Josh Goodman is a former staff writer for GOVERNING..E-mail: firstname.lastname@example.org
The year began with lots of state lawmakers talking about tough new immigration laws. So what exactly happened?
In a lot of places, the answer is not much. The 2007 legislative elections in Virginia focused heavily on immigration, but the bills that passed this year were relatively minor. Kansas thought about imitating the "toughest in the nation" law of Oklahoma, its neighbor to the South, but didn't act.
Alabama talked a lot, but did nothing. Indiana seemed on the brink of passing a major bill, but it died in a conference committee.
So four fairly conservative legislatures looked hard at immigration crackdowns and decided not to act. Many other states, of course, never seriously considered the type of legislation that has passed previously in Georgia, Colorado and Arizona, in addition to Oklahoma.
All of that might lead you to conclude that the policy debate over immigration is as much of a dud as the political debate over immigration.
I don't think that's the right conclusion, however. While the pace of change on immigration policy is slow, the direction is clear.
Utah gained a reputation a few years ago as an immigrant-friendly state by offering in-state tuition at colleges and driver cards to people who are in the country illegally. But this year the state reversed course, approving a law to require government agencies and contractors to use E-Verify -- a federal database designed to screen illegal workers.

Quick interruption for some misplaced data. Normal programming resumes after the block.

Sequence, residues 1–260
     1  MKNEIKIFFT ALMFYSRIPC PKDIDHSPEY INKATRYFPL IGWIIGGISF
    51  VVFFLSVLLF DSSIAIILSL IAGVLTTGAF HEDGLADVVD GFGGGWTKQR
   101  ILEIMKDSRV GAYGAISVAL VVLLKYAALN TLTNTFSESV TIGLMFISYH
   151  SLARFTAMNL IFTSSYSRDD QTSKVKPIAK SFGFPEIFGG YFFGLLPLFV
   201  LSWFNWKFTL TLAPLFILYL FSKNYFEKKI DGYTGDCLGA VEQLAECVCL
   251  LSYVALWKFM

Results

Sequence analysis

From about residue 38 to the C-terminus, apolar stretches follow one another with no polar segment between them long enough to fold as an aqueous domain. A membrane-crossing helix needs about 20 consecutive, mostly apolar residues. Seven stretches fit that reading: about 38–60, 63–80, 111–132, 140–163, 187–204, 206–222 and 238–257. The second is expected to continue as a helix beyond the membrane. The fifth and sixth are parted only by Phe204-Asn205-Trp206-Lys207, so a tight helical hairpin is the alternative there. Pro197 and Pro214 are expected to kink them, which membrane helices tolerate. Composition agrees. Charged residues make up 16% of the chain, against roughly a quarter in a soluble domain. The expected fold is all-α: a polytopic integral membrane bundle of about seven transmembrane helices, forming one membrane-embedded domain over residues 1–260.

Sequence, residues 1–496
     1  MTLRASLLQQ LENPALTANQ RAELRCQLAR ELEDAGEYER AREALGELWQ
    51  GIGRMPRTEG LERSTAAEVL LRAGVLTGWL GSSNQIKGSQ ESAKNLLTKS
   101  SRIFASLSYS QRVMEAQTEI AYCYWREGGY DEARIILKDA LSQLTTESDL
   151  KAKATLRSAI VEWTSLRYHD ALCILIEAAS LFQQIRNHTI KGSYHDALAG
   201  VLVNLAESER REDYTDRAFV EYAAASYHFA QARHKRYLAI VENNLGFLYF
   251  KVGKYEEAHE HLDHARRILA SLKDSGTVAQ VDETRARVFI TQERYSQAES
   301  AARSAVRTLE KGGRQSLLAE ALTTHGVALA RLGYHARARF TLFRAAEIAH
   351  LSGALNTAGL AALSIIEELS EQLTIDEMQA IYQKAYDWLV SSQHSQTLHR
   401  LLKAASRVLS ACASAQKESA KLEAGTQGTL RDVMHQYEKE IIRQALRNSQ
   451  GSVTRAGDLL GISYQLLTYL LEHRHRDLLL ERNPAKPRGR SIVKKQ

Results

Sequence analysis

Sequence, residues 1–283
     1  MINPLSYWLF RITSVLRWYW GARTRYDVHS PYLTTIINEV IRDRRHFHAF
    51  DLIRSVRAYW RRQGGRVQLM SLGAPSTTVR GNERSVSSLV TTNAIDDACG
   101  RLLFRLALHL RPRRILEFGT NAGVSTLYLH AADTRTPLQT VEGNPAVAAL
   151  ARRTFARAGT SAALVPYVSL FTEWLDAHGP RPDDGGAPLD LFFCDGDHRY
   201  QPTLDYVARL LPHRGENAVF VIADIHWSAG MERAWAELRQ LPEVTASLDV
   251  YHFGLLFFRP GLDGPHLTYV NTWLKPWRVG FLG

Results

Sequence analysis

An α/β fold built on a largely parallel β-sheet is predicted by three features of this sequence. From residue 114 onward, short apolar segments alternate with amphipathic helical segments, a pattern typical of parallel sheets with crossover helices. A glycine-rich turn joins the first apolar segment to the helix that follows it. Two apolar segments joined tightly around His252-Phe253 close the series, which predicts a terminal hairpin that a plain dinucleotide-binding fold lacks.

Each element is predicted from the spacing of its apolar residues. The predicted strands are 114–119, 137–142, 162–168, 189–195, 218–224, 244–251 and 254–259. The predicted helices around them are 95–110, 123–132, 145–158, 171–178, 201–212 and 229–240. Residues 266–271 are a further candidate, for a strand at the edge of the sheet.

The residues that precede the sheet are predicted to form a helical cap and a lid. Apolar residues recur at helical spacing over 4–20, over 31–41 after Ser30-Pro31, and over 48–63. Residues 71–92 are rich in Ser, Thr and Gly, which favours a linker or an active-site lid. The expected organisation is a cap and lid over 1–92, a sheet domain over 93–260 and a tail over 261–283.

The presence of E-Verify in an immigration bill is a sign to me that it's an important one. Unlike raising penalties for hiring undocumented workers, for example, E-Verify actually requires people to do something.
South Carolina passed an even more stringent immigration bill making the Palmetto state the latest to claim it has the toughest law in the country. Missouri also approved significant legislation.
Perhaps just as significant: None of the states that approved crackdown in the past have backed down. There was a lot of talk about the cost to enforcement, businesses being adversely affected, legal challenges, etc., but so far there haven't been any repeals of the laws, just some tweaks in Arizona.
So where does that leave the overall picture? Conservative states (but, so far, only conservative states) are slowly adopting the position of most rank-and-file conservatives: That illegal immigration is major problem that government -- even state and local government -- ought to combat.
(Many thanks to Governing editorial assistant Brendan Schlauch for research help with this post.)
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